The Green New Deal Must Have a Zero Waste Policy

Disrupting the extractivist logic of capitalism is crucial to addressing climate change.

Kali Akuno

(Illustration by Ryan Johnson)

One way to waste the oppor­tu­ni­ty of the Green New Deal would be to lim­it the terms of debate to what con­ven­tion­al wis­dom deems polit­i­cal­ly pos­si­ble, rather than what we sci­en­tif­i­cal­ly and moral­ly under­stand to be nec­es­sary. If we are seri­ous about ush­er­ing in a just tran­si­tion of our econ­o­my, then we have to be pre­pared to launch a no-holds-barred debate about the need to trans­form all the pro­duc­tive rela­tion­ships in our soci­ety. That includes talk­ing about the phys­i­cal objects we use every day — in our homes, our work­places, our streets, our cities — whose mate­ri­als are a major source of green­house gas, from cement to iron to plastics.

Ecosocialism, loosely defined, is a transformed society where the relations of production are not only in harmony with the limits of nature but also help regenerate the ecosystems of our planet.

In fact, 29 per­cent of U.S. emis­sions come from man­u­fac­tur­ing. A quar­ter of this comes indi­rect­ly through elec­tric­i­ty use — the rest results from the direct burn­ing of fuels or from gas­es or chem­i­cals released as part of the pro­duc­tion process. And this does not include emis­sions from forests cleared to extract mate­ri­als, ships and trucks used to trans­port them, or, at the end of a product’s life, gas­es pro­duced in land­fills and incin­er­a­tors. To zero these out will require tak­ing action against con­sump­tion and waste, as well as chang­ing the mate­ri­als we use and how we make them.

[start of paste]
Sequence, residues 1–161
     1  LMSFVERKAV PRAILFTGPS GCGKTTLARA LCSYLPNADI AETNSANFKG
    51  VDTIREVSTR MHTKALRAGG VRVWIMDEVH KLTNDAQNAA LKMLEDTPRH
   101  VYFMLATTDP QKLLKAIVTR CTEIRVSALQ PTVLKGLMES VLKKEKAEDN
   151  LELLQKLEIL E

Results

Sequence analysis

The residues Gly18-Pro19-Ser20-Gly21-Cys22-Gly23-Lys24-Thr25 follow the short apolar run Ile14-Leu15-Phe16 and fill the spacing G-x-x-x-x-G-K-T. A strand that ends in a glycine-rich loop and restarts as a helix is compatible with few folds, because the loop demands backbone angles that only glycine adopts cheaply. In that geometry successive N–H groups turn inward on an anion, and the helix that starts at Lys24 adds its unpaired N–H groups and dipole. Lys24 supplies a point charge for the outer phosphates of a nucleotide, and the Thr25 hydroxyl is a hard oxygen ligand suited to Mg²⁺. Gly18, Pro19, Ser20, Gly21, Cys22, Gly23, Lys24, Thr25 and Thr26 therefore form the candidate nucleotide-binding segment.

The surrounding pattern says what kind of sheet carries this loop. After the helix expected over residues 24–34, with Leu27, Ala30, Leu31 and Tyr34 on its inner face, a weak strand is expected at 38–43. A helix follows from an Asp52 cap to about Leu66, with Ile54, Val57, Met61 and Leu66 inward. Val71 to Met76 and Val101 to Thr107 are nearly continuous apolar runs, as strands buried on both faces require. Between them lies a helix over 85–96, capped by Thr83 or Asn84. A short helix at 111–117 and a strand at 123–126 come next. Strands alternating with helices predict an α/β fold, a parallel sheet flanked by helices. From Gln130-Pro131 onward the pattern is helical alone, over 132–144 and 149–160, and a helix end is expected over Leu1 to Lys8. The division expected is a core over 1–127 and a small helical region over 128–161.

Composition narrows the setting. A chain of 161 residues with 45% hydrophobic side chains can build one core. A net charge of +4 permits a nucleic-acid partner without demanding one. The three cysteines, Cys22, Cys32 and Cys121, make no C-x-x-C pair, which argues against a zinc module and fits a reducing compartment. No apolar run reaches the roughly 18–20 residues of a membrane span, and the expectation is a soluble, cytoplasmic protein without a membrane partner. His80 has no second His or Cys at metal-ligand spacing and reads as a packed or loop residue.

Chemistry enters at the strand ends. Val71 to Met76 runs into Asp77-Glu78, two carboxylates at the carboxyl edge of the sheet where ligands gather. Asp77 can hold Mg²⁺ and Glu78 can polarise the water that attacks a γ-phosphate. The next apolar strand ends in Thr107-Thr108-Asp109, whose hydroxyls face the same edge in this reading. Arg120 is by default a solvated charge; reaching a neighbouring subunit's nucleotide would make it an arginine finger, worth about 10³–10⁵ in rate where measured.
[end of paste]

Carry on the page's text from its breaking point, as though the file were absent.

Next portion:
First, we have to con­front the extrac­tivisst log­ic at the heart of the cap­i­tal­ist sys­tem. This log­ic of detached accu­mu­la­tion treats the Earth and all of its nat­ur­al resources as objects that exist sole­ly for human con­sump­tion. This leads to min­ing, har­vest­ing, clear-cut­ting and damming to pro­duce com­modi­ties, pri­mar­i­ly in the form of con­sumer goods — be they per­son­al, com­mer­cial or indus­tri­al — with­out end. In fact, trop­i­cal for­est loss dri­ven large­ly by extrac­tive indus­tries is now respon­si­ble for 8 per­cent of glob­al car­bon emissions.

Our plan­et and its unique bios­phere have lim­its, and there is no way to sus­tain unlim­it­ed growth. If we don’t learn to oper­ate with­in these lim­its, we will suf­fer the con­se­quence: what ecol­o­gists say is already on pace to be one of the six largest extinc­tion events in plan­e­tary history.

If the Green New Deal is going to pro­duce the out­comes we need, it must delib­er­ate­ly dis­rupt the cap­i­tal­ist log­ic of extrac­tivism and end­less accu­mu­la­tion and set us on a path toward ecosocialism.

Ecoso­cial­ism, loose­ly defined, is a trans­formed soci­ety where the rela­tions of pro­duc­tion are not only in har­mo­ny with the lim­its of nature but also help regen­er­ate the ecosys­tems of our plan­et. Social rela­tions would be reshaped through the elim­i­na­tion of white suprema­cy, set­tler colo­nial­ism, impe­ri­al­ism, patri­archy, het­ero­sex­ism, speciesism, and all sys­tems of exploita­tion and oppres­sion that fos­ter destruction.